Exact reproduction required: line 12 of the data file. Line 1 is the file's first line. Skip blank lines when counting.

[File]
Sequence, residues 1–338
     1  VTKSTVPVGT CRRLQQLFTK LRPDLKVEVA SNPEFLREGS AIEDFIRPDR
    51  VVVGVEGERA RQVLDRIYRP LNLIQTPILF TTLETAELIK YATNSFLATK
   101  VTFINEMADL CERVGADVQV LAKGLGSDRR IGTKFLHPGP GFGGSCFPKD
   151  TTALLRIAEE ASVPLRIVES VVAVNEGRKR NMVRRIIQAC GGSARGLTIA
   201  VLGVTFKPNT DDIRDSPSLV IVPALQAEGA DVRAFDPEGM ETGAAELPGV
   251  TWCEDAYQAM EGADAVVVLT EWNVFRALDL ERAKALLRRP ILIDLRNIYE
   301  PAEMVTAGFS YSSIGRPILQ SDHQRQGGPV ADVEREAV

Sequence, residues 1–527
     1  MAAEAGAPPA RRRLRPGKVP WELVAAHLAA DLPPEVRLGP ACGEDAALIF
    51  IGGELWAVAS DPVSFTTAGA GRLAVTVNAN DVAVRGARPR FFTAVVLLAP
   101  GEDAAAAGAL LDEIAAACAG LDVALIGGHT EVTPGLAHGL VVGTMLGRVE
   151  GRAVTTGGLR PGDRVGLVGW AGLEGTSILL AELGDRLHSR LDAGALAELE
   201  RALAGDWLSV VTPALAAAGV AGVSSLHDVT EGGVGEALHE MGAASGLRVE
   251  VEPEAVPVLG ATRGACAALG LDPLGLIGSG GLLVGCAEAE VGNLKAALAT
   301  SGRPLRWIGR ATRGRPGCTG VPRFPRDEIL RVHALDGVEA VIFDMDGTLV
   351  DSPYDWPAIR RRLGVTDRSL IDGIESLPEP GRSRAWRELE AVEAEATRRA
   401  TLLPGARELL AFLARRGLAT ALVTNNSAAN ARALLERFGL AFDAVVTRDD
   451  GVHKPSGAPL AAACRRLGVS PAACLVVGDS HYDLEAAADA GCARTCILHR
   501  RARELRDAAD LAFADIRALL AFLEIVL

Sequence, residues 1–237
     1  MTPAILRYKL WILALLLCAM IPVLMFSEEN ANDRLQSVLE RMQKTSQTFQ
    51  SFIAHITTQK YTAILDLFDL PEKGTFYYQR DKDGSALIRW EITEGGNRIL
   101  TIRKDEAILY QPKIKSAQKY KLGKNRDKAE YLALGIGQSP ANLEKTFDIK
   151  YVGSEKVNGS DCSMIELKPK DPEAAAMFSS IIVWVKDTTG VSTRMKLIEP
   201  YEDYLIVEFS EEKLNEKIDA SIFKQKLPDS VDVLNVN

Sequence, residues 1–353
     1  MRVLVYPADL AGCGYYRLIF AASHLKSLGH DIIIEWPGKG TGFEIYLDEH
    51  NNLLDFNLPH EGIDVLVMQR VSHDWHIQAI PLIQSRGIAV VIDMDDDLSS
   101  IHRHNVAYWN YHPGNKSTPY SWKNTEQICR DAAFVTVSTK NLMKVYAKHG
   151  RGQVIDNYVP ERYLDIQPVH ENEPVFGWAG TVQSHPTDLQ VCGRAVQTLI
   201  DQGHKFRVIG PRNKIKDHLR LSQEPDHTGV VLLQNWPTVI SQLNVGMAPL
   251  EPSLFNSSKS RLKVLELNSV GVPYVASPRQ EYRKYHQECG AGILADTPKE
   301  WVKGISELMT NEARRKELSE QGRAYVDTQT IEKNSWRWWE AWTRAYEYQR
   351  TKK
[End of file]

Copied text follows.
   101  GEDAAAAGAL LDEIAAACAG LDVALIGGHT EVTPGLAHGL VVGTMLGRVE